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Tuesday - October 26, 2010

From: North Augusta , SC
Region: Southeast
Topic: Erosion Control
Title: Plants for erosion control along creek in South Carolina
Answered by: Nan Hampton


We have a creek that runs thru our property and it is eroding our rip rap. The creek runs head on into an embankment which is causing the worse issue. Is there anything we can plant to help stop the erosion. We live on the Savannah River.


I will suggest some plants that could help, but you may need to use additional measures to keep your streambank from eroding.  There are various biotechnical methods to stabilize streambanks and you can read about them in this excellent article from the USDA National Agroforestry Center, Biotechnical Streambank Protection: The use of plants to stabilize streambanks (Agroforestry Note #23, March 2002).  The article describes various streambank erosion problems and suggested solutions.  For slopes that are normally above the creek level grasses are very effective.  They have fibrous roots systems that are very good at holding the soil in place.  If you are experiencing a significant amount of runoff down the slope, you might want to consider laying down erosion control blankets (available at most plant nurseries) before spreading grass seeds.  Nearer to stream level you will want to have plants such as willows that can tolerate growing in very wet soils or even immerged in the water for periods of time.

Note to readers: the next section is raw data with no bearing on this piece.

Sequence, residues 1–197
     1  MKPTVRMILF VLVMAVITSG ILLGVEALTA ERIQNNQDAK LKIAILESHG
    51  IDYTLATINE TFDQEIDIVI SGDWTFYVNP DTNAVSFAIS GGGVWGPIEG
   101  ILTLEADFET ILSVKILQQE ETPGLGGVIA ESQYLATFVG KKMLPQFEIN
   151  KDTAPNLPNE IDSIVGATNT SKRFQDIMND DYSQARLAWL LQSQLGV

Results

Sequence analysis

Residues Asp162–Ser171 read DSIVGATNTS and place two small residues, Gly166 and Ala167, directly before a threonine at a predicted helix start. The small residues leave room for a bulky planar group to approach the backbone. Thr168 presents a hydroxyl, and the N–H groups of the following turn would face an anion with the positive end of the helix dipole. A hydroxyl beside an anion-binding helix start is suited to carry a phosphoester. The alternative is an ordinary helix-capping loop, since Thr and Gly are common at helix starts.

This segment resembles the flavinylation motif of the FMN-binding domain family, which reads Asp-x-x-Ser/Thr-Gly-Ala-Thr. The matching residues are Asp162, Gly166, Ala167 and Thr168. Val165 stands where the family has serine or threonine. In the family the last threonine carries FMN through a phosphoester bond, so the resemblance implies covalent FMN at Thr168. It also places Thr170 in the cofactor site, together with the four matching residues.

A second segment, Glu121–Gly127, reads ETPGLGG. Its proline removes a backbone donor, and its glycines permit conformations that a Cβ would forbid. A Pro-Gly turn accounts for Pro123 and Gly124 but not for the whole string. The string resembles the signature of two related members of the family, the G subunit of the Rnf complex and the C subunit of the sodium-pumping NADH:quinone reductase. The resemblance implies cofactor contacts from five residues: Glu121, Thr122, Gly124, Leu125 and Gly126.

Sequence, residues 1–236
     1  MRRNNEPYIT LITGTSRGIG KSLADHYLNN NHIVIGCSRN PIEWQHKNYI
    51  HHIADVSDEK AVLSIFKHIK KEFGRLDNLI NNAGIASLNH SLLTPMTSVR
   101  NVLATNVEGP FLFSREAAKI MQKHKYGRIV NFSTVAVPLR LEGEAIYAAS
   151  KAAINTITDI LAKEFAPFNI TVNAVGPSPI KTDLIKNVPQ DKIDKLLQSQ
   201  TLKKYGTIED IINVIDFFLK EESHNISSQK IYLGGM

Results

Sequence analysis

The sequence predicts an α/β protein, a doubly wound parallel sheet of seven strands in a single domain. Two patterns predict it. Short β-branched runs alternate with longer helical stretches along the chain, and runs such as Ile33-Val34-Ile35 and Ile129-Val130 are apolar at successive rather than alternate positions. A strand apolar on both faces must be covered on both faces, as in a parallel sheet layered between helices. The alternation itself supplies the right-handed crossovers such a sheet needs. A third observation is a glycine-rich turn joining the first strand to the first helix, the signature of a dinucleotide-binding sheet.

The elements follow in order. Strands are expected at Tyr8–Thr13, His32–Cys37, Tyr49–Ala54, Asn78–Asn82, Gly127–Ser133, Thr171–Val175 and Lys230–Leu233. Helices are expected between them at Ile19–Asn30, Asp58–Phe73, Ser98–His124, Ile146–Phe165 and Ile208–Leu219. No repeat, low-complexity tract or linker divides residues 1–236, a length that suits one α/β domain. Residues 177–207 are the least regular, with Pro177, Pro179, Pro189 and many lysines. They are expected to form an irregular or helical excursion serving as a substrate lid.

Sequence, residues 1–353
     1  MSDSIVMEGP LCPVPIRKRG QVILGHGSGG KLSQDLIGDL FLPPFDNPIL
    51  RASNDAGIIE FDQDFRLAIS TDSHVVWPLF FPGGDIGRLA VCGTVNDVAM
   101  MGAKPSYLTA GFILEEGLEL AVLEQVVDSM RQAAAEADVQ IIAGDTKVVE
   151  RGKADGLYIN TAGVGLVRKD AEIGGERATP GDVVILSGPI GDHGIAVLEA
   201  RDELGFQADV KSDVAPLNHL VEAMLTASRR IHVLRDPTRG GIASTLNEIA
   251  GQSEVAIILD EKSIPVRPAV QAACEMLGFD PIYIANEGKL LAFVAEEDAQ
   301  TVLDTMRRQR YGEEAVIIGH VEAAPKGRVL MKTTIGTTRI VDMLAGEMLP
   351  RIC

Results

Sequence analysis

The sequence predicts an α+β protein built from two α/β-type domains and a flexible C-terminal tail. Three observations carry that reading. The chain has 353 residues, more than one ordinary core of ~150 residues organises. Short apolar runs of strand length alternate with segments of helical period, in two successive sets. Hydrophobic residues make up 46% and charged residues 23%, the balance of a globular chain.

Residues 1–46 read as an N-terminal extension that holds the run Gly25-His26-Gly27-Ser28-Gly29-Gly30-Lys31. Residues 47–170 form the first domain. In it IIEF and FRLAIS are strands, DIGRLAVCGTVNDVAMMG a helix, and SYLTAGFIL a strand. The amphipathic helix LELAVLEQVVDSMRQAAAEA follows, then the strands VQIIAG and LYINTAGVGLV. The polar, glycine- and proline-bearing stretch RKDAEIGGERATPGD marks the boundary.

Here are some suggestions for grasses that do well in moist areas that you could plant on the slope above the stream.  Some of these will also grow near the stream edge.  There are suggestions for woody plants that will grow well closer to the creek edge.  Since I don't know the situation at your site for available sunlight and type of soil, you will need to check carefully the GROWING CONDITIONS on each of the species pages to be certain that they are compatible with your site.

Andropogon glomeratus (Bushy bluestem) grows well in wet areas and prefers full sun.

Andropogon virginicus (Broomsedge bluestem) is recommended for erosion control and grows in part shade.

Carex blanda (Eastern woodland sedge) grows in moist soils in sun, part shade or shade.

Carex cherokeensis (Cherokee sedge) grows in moist soils in part shade.

Chasmanthium latifolium (Inland sea oats) prefers shade or part shade and moist soils.

Cladium mariscus ssp. jamaicense (Jamaica swamp sawgrass) grows at the edges of streams in sun and part shade.

Panicum virgatum (Switchgrass) grows along streambanks in sun or part shade.

Tripsacum dactyloides (Eastern gamagrass) likes part shade and grows in moist areas or along streambanks.

Cephalanthus occidentalis (Common buttonbush) grows in moist areas and will grow in standing water in shade or part shade.

Salix humilis (Prairie willow) grows in sun along streambanks.

Salix nigra (Black willow) grows in sun, part shade and shade along streambanks.

Sambucus nigra ssp. canadensis (Common elderberry) grows in part shade and is good for erosion control in moist areas.

Forestiera acuminata (Eastern swamp-privet) will grow in moist soil or standing water in part shade.

Alnus serrulata (Hazel alder) grows in sun, part shade and shade on stream banks and other wet areas.

Here are photos from our Image Gallery:

Andropogon glomeratus

Andropogon virginicus

Carex blanda

Carex cherokeensis

Chasmanthium latifolium

Cladium mariscus ssp. jamaicense

Panicum virgatum

Tripsacum dactyloides

Cephalanthus occidentalis

Salix humilis

Salix nigra

Sambucus nigra ssp. canadensis

Forestiera acuminata

Alnus serrulata





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